To speak up when those in power shut the doors of our country to victims of violence and persecution—To stay outraged from a place of love rather than hate,
from a place of welcome rather than exclusion–
These, too, are our obligations without measure.
Aleinu: It is on us.
We know the cost of making any other choice,
of demurring from the holy task of transforming our wandering into blessing.
As we bow and bend to the Source of Freedom,
with visions of a repaired world in our minds
and the commitment to fulfill these visions on our tongues and at our fingertips—
Aleinu: It will always be on us to remember that there is no us and there is no them, there are only God’s children,
each deserving of blessings of liberty and justice.
You could, perhaps, look at how traditional Jewish texts address refugee issues. How many times do the Torah and Talmud offer variants of, “You shall not wrong nor oppress a stranger, for you were strangers in the land of Egypt”? “Maybe it’s mentioned so many times because it’s hard,” Zack offered. “It’s not easy to help people who aren’t like you, who may have perspectives different from yours. But that doesn’t mean we don’t rise to the challenge.”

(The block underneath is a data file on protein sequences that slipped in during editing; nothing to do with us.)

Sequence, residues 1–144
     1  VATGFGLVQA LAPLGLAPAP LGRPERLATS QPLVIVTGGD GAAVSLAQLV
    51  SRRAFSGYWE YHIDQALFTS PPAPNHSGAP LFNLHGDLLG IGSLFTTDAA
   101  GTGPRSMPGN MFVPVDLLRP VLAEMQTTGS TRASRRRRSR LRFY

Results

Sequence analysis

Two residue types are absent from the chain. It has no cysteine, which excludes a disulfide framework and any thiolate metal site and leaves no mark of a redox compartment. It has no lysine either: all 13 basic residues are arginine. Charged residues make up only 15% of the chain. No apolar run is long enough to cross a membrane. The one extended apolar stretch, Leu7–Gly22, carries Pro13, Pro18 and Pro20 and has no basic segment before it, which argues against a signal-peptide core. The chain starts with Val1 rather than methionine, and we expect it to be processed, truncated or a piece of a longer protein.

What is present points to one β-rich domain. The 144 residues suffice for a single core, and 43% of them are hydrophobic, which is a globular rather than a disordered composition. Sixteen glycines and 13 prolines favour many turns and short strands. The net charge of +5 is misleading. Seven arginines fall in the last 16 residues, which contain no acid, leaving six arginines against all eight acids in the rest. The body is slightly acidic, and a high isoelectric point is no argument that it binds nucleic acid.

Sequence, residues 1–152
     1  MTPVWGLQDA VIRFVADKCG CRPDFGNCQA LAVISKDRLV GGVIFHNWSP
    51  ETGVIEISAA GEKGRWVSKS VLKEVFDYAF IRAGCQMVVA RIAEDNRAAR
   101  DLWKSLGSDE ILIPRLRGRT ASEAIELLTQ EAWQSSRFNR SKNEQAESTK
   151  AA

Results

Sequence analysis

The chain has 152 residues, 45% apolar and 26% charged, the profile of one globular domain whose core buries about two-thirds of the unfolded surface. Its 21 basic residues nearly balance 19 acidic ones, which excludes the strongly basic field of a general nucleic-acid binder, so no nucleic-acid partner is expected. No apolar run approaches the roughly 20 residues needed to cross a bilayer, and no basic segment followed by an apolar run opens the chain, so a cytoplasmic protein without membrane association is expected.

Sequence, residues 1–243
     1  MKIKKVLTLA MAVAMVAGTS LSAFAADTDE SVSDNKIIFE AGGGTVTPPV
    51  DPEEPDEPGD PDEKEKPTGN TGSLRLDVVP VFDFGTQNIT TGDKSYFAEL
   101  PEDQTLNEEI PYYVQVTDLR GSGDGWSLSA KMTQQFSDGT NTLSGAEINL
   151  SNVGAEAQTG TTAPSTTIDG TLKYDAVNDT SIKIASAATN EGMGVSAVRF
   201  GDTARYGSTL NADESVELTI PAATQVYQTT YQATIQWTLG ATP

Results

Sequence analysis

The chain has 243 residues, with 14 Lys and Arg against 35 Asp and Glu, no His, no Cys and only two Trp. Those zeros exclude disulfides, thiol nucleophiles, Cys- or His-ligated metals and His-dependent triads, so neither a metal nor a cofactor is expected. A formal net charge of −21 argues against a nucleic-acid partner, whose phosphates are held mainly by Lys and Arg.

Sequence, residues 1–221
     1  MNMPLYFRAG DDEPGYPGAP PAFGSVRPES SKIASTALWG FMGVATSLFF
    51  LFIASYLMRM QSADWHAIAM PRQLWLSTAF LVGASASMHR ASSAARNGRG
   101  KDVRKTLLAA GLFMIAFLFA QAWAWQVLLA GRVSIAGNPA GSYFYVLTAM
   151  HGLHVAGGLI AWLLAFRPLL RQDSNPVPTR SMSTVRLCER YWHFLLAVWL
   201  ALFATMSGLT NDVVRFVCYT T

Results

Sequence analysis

You could open up a conversation with people who say, “Oh, our congregation isn’t political” or “Helping refugees means letting dangerous people into the country,” explaining that a) helping refugees is not political; it’s an edict in the Torah. And in our own lifetimes, it was a bipartisan issue for decades; it’s only recently been “political.” And b) as Zack noted, “The U.S. Refugee Admissions Program has incredible amounts of vetting; the most vulnerable people in the world are vetted more than any other population that comes to the U.S. More than students, more than tourists, more than any other group.” She’s correct; you might offer actual data and testimony by those doing the vetting.